The beach at Camber Sands
|Location||East Sussex, England, UK|
Camber Sands is a beach at the village of Camber, East Sussex near Rye, East Sussex, England. It is the only sand dune system in East Sussex, and is east of the estuary of the River Rother at Rye Bay stretching 3 miles (4.8 km) to just beyond the Kent border, where shingle and pebbles take over again. It is one of three stretches of non-tidally submerged sand east of Bournemouth Bay, which just exceeds the three in total length, on England's south coast, the others being West Wittering and Avon Beach.
A large section of the western end of the dunes lie within the Camber Sands and Rye Saltings Site of Special Scientific Interest (SSSI), while the rest is designated a Site of Nature Conservation Importance. The dunes are getting larger by accretion. The dunes are managed to prevent problems with wind-blown sand. The holiday companies in Camber Sands are Pontins and Parkdean Resorts.
The dunes were fortified and used for exercises in the Second World War. There is a roughly square MoD danger area and base inland of the east of the area. The dunes resemble topographically those seen in parts of Normandy and challenging desert terrain. Similar training facilities exist at Braunton in North Devon, in Scotland and in Pembrokeshire.
Three main car parks co-exist.
Central has main access to the beach; one can negotiate quite long, steep sandy paths over dunes from Western car park, unsuitable for prams, or wheelchairs. The Western car park closes at 8pm in the summer.
The beach has become a popular location for kitesurfing, kite landboarding and kite buggying due to its sand and favourable wind conditions. Kite launches are only allowed in the designated area at the eastern end of the beach near the Jury's Gap car park.
Camber Sands, with its wide bay and large dune system, has been used in a variety of creative media.
Follow That Camel was shot here during the early months of 1967, with Camber Sands representing the Sahara Desert, although filming had to be stopped several times because the dunes were covered in snow.
Camber Sands was featured in Series 2 of Green Wing. Characters Alan Statham and Joanna Clore appear on the beach in the finale and in the Park Resort Holiday Park.
The dunes were featured in a 2010 advertisement for Wall's.
Camber Sands was the planet Aridius in the 1965 Doctor Who story The Chase, and then in 1986 was the filming location for a scene in the final two parts of the story Trial of a Time Lord, as part of an elaborate illusion generated by the Valeyard in the Matrix.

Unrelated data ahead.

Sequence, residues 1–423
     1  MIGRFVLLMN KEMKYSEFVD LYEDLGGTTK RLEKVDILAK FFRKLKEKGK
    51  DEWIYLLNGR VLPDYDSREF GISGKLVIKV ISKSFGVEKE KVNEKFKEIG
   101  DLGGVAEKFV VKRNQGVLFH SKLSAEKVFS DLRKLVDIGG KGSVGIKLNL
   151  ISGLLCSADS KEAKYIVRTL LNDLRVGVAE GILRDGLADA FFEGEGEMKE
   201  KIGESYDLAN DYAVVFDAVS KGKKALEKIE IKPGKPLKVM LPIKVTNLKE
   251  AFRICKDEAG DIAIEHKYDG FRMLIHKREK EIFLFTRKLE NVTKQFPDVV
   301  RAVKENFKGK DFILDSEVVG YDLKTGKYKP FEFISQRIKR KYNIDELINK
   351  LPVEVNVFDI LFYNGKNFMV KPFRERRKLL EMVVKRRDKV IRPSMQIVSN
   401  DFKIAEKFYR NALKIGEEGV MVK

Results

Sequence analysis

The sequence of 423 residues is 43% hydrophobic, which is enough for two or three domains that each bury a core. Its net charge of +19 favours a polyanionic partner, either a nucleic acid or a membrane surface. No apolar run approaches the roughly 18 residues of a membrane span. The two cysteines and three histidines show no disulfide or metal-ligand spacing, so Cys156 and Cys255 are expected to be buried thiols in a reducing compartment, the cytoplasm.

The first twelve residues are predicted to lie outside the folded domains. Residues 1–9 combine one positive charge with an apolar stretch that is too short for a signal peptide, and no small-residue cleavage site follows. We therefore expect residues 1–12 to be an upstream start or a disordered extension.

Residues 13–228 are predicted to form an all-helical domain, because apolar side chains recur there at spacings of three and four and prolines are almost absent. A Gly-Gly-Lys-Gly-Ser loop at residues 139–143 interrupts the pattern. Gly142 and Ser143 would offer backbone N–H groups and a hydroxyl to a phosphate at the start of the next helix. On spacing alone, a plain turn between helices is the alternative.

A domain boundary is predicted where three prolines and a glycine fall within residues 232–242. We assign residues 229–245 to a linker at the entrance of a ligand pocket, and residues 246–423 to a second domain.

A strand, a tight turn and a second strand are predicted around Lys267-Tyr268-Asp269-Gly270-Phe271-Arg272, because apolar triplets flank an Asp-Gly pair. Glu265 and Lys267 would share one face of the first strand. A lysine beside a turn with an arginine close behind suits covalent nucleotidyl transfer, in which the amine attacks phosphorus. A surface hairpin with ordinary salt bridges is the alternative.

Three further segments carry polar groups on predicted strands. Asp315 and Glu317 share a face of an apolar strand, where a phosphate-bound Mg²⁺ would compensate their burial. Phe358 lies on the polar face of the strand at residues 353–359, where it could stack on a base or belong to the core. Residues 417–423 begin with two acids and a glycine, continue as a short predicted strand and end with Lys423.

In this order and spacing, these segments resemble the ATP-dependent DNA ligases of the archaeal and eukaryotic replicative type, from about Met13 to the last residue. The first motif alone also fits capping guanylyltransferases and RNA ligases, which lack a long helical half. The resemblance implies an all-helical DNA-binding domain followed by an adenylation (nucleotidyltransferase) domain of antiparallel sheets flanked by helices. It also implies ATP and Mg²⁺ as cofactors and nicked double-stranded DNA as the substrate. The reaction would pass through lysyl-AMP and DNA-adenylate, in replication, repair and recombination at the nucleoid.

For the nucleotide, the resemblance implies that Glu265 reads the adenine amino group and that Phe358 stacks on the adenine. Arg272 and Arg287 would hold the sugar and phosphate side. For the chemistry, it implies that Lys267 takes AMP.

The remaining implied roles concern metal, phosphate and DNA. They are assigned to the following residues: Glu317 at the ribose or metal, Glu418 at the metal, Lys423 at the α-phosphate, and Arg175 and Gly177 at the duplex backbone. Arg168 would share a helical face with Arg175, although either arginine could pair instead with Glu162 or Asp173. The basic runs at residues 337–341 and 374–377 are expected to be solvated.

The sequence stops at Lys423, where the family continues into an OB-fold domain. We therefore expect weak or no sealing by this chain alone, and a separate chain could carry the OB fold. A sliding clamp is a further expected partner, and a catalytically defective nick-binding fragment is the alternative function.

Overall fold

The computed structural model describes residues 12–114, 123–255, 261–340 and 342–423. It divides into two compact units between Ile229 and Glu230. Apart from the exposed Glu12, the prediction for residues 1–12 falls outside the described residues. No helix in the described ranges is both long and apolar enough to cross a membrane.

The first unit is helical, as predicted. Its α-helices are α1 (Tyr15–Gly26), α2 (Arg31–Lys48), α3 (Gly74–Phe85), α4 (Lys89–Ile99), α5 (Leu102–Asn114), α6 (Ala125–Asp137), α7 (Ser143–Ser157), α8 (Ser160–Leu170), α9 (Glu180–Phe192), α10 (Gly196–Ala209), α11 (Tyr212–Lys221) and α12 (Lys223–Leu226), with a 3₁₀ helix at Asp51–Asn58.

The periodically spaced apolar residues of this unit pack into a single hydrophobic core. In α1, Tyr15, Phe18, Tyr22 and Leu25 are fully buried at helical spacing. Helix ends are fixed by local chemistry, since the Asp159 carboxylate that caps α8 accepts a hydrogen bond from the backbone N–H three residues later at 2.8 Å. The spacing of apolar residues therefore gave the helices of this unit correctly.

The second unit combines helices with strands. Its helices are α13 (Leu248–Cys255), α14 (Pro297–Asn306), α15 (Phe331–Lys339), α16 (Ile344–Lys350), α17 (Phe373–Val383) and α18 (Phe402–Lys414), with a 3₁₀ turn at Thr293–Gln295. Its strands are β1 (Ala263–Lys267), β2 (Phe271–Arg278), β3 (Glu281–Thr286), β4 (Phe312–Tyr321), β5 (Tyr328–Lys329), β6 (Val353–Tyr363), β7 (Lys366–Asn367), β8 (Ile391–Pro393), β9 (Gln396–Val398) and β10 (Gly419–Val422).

Camber Sands is mentioned in "Europe Is Our Playground" (B-side to "Trash") by Suede, "Pulling Mussels (From the Shell)" by Squeeze (also covered by Head Automatica), "Diamonds and Pearls" by The Holloways, "Heavyweight Champion of the World" by Reverend and The Makers and "Caravan" by Nick Heyward. It was also used as a title to Fatboy Slim's EP single Camber Sands. Feeder's 2003 video for "Forget About Tomorrow", was partially shot on the beach. Nine years later, Feeder later referenced Camber Sands in "Oh My", the second track of their Generation Freakshow album.
The song "On Camber Sands" appears on Gordon Giltrap's album Troubadour, and is a common feature in his live sets. Jose Vanders refers to Camber Sands in her song "For Now".
The cover of the 1980 LP record Beat Boys In The Jet Age by mod revival band, The Lambrettas, was photographed on Camber Sands.
Paul McCartney and his band Wings filmed the music video for their Back to the Egg album track "Baby's Request" at Camber Sands in 1979. This was shown as part of their 1981 TV special, on BBC 1, featuring many videos recorded entirely in the Sussex area to accompany the tracks.
The Fall mention Camber Sands in a song called "(We Are) Mod Mock Goth": "We take Viagra / And go to Camber Sands / Our shirts are well out of our pants / We are mod mock goth" on the 2003 single "(We Wish You) A Protein Christmas".
The music video for Gabrielle Aplin's 2012 song "Home" was shot in and around Camber Sands.
Music festival All Tomorrow's Parties takes place at Pontins holiday camp in Camber Sands. It was founded by Barry Hogan in 1999 as an alternative to larger, more corporate festivals like Reading, with a tendency towards post-rock, avant-garde, and underground hip hop, along with more traditional rock fare.
Artists the Boyle Family famously made some of their first casts using resin and fibreglass on the beach at Camber Sands in 1966. These initial studies - some of which were unsuccessful - culminated in the Tidal Series of 1969 in which 14 separate casts were made of the same 150 cm × 150 cm (59.1 in × 59.1 in) area of beach. Made over a period of one week, the pieces showed in microscopic detail the way in which the tide affected the sand as it washed over the beach twice a day.